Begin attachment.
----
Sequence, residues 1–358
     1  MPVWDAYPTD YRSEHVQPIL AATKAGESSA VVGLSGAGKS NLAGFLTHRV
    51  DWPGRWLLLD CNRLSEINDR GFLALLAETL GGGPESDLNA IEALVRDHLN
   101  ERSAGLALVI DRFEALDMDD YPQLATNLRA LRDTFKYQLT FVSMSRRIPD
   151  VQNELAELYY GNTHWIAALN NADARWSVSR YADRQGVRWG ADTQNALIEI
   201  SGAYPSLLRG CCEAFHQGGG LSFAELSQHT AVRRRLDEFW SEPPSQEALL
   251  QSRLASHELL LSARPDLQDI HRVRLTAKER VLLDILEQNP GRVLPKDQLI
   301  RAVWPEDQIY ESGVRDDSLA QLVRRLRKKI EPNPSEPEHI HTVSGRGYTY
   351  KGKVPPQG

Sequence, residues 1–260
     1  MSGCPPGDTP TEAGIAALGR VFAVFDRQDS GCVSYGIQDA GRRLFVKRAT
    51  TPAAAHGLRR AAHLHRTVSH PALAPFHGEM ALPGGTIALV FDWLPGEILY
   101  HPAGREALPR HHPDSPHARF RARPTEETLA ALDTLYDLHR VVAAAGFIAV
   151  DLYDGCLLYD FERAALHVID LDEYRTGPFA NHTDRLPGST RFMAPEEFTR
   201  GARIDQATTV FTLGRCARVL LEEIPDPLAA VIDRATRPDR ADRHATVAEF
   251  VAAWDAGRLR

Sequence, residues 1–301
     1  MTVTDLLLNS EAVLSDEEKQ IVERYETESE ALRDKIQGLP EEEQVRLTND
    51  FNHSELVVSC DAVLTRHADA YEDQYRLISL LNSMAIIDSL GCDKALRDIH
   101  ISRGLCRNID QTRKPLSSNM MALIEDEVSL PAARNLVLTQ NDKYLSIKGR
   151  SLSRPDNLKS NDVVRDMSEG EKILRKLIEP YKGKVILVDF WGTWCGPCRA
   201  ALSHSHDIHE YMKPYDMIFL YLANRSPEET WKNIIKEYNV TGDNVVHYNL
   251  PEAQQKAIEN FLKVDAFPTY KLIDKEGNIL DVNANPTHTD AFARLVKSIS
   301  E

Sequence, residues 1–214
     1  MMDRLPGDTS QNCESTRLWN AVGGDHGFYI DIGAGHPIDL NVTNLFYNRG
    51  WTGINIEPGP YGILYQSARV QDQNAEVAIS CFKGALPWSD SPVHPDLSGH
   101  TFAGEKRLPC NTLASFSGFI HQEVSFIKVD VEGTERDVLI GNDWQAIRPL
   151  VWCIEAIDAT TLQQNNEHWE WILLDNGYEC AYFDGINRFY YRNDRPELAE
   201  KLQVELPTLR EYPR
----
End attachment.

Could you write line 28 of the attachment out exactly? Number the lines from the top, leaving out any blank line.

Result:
   101  TFAGEKRLPC NTLASFSGFI HQEVSFIKVD VEGTERDVLI GNDWQAIRPL